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Study explores limits of DNA structure and function, may expand use of modified DNA in medicine

Scientists from IOCB Prague are pushing the limits of DNA
Credit: Nucleic Acids Research (2023). DOI: 10.1093/nar/gkad893

A team led by Professor Michal Hocek at IOCB Prague has explored the limits of the structure and function of DNA and successfully pushed forward known boundaries. Their latest research has just been published in Nucleic Acids Research.

They prove that even heavily modified double helices of DNA are stable enough to be used for special applications. This discovery might expand the possibilities of utilizing modified DNA, for example, in medicine.

DNA consists of two long negatively charged chains that hold together even though they repel each other. This is made possible by what is known as stacking interactions and base pairing. Hocek and his colleagues advanced the known limits when they modified DNA by adding an extra negative charge to each letter of the genetic code.

This doubled the , yet the DNA remained stable. They also found that such modified DNA not only holds together but that it can also be synthesized or replicated and sequenced using the enzyme DNA polymerase.

"Think of DNA as a scaffold on which you can attach various chemical compounds with different functions. These are , such as side chains of amino acids, which occur naturally only in peptides and proteins," says Hocek.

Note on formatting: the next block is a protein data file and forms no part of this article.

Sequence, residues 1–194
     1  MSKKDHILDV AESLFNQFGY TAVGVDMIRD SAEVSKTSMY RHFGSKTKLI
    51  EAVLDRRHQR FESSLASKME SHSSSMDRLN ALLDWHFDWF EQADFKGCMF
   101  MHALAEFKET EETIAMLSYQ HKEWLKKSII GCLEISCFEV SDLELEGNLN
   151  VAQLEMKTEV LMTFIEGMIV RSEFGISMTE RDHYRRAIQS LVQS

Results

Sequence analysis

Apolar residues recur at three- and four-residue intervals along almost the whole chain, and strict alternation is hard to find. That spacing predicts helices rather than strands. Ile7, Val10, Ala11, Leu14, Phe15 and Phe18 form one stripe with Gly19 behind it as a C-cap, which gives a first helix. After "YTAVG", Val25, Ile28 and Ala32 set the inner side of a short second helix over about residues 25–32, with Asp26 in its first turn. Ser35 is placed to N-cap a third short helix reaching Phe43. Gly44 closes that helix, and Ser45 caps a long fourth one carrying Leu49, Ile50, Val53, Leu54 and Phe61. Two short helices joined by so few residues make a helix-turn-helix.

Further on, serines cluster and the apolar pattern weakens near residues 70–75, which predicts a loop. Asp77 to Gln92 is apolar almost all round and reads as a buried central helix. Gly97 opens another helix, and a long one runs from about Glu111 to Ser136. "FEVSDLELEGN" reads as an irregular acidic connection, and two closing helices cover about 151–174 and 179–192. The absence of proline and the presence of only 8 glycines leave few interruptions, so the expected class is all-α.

"In current medicine, we are able to use these only to a relatively limited extent. The reason is that they are markedly unstable and get decomposed rapidly when inside an organism. One solution to this would be a stable skeleton to which they could be firmly attached. And DNA could be just such a base structure in the future.

"The aim of this research is to create DNA molecules that will mimic other chemical compounds. This would enable us to leverage the medicinal potential of certain biomolecules that are difficult to retain in the body. Examples of such biomolecules are the already mentioned peptides or proteins."

The Hocek group has already made significant progress, although research in this direction is at its beginning worldwide. The team has, for example, succeeded in developing a novel modified aptamer, which is a short DNA sequence that can bind to a specific target molecule, most frequently a protein.

Aptamers have similar properties to antibodies, but they are much more stable. For this reason, aptamers can potentially replace antibodies employed in medicine. However, the number of approved therapeutic aptamers globally can still be counted on the fingers of one hand.

The current research exploring the limits of DNA is part of a larger project led by Hocek. This is the second time its results have drawn interest from the journal Nucleic Acids Research. Previously, scientists from IOCB Prague published a method for the enzymatic synthesis of fully artificial DNA. During this synthesis, all nucleotides forming natural DNA are replaced by their modified versions with attached hydrophobic (i.e., water-repelling) molecules.

More information: Natalia Kuprikova et al, Superanionic DNA: enzymatic synthesis of hypermodified DNA bearing four different anionic substituents at all four nucleobases, Nucleic Acids Research (2023). DOI: 10.1093/nar/gkad893

Journal information: Nucleic Acids Research

Citation: Study explores limits of DNA structure and function, may expand use of modified DNA in medicine (2023, November 9) retrieved 16 April 2024 from
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